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Government losing up to $182m over illicit tobacco


SUNDAY, JULY 22, 2018

Government losing up to $182m as illicit tobacco issue lights up

There is up to NZ$182 million that the New Zealand Government could recoup from illicit tobacco. Research conducted by KPMG’s UK firm highlighted in their Illicit Tobacco in New Zealand 2017 Full Year Report has revealed that illegal tobacco – as a percentage of total tobacco consumption was around 9% in 2017. KPMG in the UK estimates that if this illicit tobacco had been sold legally, it would have generated about NZ$182 million in tobacco excise for the Government.

Imperial Tobacco New Zealand’s General Manager, Sam Abbott said that closer monitoring and enforcement both at the border and in retail is required to stop illegal products entering the market.

“We believe the aggressive 8 years of consecutive tobacco excise increases have contributed to this alarming figure. The attractiveness of the illicit market will continue to grow over the next two years, as further legislated annual 10% increases on tobacco excise drive the legitimate market retail prices higher,” said Mr Abbott.

In Australia, prior to the implementation of standardised tobacco packaging, illegal tobacco also measured by KPMG UK was about 11.5% and is currently about 15%. However, the Australian Border Force, the Australian Taxation Office and other law enforcement agencies have recently started to make significant inroads into cracking down and disrupting the organised crime groups involved.

“We are open to discussion with all government agencies on further enforcement activity and the current tobacco excise evaluation by the Ministry of Health. This is a problem that can no longer be ignored with the potential of a revenue boost to Government. We commend the Government Budget announcement to tackle illicit drugs and encourage the Government to include illicit tobacco into their strategy so that it can be detected and dealt with at the border.”

The KPMG LLP report was commissioned by Imperial Tobacco New Zealand and is available in full HERE

Media contact: Louise Evans McDonald, Corporate Affairs Manager, Imperial Tobacco NZ Limited, Ph 027 4962448 email: louise.evansmcdonald@nz.imptob.com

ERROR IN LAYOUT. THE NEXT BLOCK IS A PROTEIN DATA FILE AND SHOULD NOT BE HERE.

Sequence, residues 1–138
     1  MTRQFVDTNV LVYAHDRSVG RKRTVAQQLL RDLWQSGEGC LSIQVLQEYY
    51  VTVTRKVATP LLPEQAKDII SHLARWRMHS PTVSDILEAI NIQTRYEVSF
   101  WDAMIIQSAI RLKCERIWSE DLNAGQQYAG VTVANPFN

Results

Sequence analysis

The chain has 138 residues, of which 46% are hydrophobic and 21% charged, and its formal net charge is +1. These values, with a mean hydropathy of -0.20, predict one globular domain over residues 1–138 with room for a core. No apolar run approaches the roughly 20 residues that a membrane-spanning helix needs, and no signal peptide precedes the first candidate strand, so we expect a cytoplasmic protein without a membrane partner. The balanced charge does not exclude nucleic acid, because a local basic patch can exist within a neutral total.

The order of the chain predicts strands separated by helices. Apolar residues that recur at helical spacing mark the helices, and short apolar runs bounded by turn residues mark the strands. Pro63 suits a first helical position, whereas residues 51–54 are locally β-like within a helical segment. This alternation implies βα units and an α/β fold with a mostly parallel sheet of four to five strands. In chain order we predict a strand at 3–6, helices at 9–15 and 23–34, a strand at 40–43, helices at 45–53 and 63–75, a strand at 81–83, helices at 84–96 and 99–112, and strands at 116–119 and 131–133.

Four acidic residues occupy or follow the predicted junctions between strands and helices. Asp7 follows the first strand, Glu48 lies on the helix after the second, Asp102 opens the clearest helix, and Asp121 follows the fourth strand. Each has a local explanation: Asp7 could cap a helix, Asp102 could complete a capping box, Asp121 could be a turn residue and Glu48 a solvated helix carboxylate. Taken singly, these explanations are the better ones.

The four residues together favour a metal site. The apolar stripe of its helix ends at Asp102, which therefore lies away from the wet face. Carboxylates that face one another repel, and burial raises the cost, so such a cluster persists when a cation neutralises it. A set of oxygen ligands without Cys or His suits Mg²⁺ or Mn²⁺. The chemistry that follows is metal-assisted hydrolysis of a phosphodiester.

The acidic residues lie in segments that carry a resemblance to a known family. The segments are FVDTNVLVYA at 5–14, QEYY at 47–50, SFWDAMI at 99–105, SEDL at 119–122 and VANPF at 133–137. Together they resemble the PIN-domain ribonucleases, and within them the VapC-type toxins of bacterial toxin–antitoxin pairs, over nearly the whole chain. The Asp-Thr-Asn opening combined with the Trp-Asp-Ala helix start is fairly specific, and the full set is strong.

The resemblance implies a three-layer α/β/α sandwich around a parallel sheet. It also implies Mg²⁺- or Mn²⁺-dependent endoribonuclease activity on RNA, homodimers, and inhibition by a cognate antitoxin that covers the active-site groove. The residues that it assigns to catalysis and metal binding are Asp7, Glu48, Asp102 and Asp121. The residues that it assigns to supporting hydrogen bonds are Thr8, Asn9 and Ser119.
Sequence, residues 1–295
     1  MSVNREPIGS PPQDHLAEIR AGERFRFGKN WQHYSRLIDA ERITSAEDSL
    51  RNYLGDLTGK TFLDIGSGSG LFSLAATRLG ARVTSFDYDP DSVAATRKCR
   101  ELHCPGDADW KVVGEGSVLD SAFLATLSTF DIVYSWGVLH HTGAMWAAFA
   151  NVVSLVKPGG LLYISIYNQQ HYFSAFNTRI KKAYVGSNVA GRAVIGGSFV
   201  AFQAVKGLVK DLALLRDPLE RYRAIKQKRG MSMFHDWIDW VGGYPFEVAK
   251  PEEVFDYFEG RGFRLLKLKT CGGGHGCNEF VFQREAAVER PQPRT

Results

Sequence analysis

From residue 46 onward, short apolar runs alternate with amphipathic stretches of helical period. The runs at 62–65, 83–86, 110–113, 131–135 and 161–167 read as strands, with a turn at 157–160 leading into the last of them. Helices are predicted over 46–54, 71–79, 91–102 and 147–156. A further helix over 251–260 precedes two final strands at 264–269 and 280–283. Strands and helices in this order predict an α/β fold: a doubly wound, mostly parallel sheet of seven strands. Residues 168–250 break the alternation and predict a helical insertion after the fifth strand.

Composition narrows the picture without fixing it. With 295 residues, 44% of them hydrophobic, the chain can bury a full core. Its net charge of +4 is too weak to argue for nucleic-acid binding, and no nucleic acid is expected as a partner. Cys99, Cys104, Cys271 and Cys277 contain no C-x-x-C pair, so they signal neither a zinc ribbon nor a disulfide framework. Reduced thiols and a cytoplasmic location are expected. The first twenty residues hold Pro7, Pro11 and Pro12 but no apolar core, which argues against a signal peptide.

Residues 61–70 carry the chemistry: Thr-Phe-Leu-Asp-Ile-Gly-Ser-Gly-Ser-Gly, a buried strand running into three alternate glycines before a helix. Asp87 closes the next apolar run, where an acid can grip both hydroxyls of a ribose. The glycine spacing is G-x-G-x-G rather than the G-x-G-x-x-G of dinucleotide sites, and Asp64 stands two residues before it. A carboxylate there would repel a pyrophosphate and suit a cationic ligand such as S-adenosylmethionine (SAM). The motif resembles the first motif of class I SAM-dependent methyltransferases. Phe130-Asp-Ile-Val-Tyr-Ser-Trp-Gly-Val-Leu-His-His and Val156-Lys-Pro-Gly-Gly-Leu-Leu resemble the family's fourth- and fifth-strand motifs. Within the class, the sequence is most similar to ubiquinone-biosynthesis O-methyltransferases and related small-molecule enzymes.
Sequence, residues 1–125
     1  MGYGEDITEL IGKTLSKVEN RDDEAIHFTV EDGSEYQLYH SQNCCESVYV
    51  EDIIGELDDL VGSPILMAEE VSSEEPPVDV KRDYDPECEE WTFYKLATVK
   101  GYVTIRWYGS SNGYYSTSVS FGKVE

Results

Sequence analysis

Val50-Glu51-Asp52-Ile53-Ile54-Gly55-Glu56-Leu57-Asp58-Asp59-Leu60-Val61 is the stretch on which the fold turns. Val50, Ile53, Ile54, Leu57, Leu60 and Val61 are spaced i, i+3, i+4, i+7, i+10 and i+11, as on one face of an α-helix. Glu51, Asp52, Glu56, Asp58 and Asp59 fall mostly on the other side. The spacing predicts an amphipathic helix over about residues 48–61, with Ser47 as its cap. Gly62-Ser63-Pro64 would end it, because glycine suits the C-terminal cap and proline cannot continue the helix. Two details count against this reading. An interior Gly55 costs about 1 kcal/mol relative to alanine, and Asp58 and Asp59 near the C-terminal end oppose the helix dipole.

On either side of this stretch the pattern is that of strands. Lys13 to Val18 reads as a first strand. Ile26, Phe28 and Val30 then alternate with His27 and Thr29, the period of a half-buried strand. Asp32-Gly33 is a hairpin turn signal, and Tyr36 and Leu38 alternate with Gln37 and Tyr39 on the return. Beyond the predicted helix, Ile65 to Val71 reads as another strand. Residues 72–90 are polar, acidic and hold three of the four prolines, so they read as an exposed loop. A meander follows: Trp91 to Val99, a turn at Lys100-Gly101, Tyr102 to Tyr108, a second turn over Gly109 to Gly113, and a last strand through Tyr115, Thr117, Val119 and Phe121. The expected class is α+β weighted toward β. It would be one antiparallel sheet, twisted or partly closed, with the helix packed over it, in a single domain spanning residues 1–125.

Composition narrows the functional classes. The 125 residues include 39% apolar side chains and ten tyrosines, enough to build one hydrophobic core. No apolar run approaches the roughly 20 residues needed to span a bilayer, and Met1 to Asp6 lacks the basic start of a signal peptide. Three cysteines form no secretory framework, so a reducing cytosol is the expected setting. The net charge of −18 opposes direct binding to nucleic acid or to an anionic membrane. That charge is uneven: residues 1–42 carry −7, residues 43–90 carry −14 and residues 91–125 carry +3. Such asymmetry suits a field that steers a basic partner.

KPMG Illicit Tobacco in New Zealand Full Year 2017 report highlights:
9.2% of total consumption (or 191,327 kg) was estimated to be illicit.This is triple the 2015 estimate of 2-3% stated in the Ministry of Health’s consultation document[1] “New Zealand and the Protocol to Eliminate Illicit Trade in Tobacco Products”.
If this 191,327 kg of tobacco had been consumed legally, it would have represented an estimated excise value of up to NZ$182 million, at the current excise rate.
Contraband consumption accounted for the majority at around 79% (151,134 kg) of total illicit consumption.
Flows of Australian, South Korean and Chinese labelled packs account for the majority of non-domestic product flowing into New Zealand.
Unbranded tobacco (home grown tobacco above the current allowable limit of 15 kg[2]) was estimated at around 21% (40,000 kg) of total illicit consumption.The legal home grown market is estimated to be a further 49,930 kg.
Counterfeit tobacco represented a small proportion of total illicit consumption at around 0.2% (0.4 thousand kg).

Note to editors:
KPMG in the UK undertakes economic analysis, commissioned by the tobacco industry, in a variety of jurisdictions. The OECD considers the methodology of KPMG the “most authoritative assessment of the level of counterfeit and contraband cigarettes” in the EU. The ‘Illicit Tobacco in New Zealand’ report was prepared by KPMG LLP in the UK and is an independent piece of work which gives a reliable insight into the level of illegal tobacco consumption. It was commissioned by Imperial Tobacco New Zealand Limited. KPMG recognises the wider public policy context within which governments decide regulatory and fiscal changes for the tobacco industry, and that the analysis in this report only considers one aspect. KPMG expresses herein no view, nor makes any recommendation, in relation to future policy for the industry in this regard.

[1] New Zealand and the Protocol to Eliminate Illicit Trade in Tobacco Products 2015 Consultation, (Page 4 “Problem Definition”)
[2] The Customs & Excise Act 2018 amended the personal allowance exemption for manufactured home grown tobacco from 15kg to 5kg (Customs & Excise Act 2018 s67(5))


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